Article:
The goal with making sure your neighbor also likes your dog, is to make sure that you always clean up after your dog. Being a responsible dog owner goes along way in showing your neighbors that you are committed to being a respectful neighbor.
Living with a dog in an apartment is absolutely doable, but you need to be smart about it. So whether you are in an apartment now or like me thinking of downsizing, make a checklist of all the important issues that I’ve talked about.
Go through that list one by one and see how your current dog measures up to the potential issues. If you don’t have a dog yet, but are considering getting one. Make sure you think about what type of dog you are considering and how they will stack up with living in an apartment.
As with many of the situations that dog owners encounter as a dog parent, the responsibility and decisions fall on us to make sure we make the right ones.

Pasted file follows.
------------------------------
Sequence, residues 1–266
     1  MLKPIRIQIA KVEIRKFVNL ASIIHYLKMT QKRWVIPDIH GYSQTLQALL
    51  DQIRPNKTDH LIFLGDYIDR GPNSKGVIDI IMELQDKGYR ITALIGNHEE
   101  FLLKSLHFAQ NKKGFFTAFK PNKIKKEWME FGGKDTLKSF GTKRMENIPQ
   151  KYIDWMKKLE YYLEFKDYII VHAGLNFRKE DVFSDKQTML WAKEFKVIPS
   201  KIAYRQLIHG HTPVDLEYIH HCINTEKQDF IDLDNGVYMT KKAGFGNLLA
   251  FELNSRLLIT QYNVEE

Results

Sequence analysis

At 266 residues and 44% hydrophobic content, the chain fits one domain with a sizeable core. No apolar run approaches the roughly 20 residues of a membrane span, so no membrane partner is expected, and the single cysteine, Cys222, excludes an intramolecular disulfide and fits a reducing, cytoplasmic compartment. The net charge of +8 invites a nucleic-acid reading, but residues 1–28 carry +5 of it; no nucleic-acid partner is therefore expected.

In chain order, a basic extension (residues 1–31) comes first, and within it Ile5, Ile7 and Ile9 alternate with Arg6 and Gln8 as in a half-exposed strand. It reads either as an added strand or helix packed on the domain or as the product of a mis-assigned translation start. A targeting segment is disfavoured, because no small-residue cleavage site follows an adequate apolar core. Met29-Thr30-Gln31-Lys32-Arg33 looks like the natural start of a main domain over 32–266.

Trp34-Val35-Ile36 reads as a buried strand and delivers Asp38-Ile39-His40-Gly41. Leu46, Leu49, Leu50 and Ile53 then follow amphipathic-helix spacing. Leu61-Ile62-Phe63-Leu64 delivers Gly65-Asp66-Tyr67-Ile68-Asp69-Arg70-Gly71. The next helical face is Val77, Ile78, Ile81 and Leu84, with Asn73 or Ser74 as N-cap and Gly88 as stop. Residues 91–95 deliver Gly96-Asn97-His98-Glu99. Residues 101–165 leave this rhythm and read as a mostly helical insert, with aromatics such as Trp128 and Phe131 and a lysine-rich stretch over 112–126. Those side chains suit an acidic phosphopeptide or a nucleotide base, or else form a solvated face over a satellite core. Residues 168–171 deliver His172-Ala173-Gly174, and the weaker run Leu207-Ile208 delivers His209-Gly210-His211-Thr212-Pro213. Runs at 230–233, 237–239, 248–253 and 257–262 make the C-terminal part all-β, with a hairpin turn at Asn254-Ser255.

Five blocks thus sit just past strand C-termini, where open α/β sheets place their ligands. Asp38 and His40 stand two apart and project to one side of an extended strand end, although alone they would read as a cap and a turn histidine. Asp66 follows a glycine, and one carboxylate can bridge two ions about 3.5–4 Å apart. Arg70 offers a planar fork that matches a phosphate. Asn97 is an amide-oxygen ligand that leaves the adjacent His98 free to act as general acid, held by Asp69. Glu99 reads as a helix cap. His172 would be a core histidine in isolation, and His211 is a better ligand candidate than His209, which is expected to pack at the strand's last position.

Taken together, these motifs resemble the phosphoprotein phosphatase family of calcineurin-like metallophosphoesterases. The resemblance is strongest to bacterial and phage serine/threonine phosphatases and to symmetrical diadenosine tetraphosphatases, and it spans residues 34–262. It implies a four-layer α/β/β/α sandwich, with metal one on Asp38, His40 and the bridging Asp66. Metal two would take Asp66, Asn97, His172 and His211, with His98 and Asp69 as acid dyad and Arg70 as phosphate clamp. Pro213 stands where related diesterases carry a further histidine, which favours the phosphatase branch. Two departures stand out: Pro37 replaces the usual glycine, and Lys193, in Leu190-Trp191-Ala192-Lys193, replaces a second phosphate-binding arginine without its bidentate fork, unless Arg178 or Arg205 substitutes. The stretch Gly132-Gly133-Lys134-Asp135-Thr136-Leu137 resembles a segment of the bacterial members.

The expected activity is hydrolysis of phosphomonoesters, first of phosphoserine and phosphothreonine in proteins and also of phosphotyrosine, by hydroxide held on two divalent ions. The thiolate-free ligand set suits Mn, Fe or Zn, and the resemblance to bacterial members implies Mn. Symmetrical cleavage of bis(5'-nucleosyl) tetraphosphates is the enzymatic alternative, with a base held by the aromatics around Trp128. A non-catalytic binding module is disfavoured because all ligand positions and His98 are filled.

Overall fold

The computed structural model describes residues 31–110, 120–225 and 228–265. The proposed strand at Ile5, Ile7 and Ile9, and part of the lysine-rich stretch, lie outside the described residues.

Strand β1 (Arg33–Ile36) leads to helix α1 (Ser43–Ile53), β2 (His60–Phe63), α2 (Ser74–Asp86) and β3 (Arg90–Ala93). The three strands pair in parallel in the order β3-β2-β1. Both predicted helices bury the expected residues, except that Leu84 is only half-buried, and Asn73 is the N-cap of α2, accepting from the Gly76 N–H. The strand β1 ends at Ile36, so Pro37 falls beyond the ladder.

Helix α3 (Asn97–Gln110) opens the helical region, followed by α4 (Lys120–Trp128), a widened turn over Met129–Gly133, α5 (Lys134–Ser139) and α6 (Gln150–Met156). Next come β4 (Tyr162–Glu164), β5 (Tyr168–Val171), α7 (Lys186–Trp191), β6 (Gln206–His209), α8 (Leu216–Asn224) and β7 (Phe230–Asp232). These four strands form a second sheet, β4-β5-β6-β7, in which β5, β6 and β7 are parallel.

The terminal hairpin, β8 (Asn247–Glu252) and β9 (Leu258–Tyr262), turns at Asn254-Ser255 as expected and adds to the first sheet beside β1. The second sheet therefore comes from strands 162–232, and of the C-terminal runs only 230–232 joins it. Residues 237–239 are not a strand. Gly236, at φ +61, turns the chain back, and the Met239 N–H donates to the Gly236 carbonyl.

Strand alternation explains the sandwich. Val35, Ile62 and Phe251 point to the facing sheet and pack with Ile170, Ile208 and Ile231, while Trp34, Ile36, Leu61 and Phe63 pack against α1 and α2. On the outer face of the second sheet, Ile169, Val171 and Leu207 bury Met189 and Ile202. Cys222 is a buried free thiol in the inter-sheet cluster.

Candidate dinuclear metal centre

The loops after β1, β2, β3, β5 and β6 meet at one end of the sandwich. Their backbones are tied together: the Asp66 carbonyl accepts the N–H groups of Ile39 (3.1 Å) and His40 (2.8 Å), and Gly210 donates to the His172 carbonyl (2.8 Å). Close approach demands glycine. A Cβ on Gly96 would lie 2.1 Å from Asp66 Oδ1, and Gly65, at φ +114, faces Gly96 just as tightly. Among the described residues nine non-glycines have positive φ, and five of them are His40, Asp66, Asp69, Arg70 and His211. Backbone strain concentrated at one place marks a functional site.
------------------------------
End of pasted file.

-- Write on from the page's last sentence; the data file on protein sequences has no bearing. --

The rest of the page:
Everyone loves a puppy and they are all so darn cute, but remember they don’t stay that size. Know what you are getting yourself into by educating yourself before you just make a quick emotional decision.
Being a dog owner is one of the most rewarding and special things we can do, but remember to be smart and do the work. Success always falls on the dog owner, NOT THE DOG!
I hope that I have shed some light on the Do’s and Don’ts of dog ownership in an apartment and hopefully you have all the information you need to be successful. Best of luck!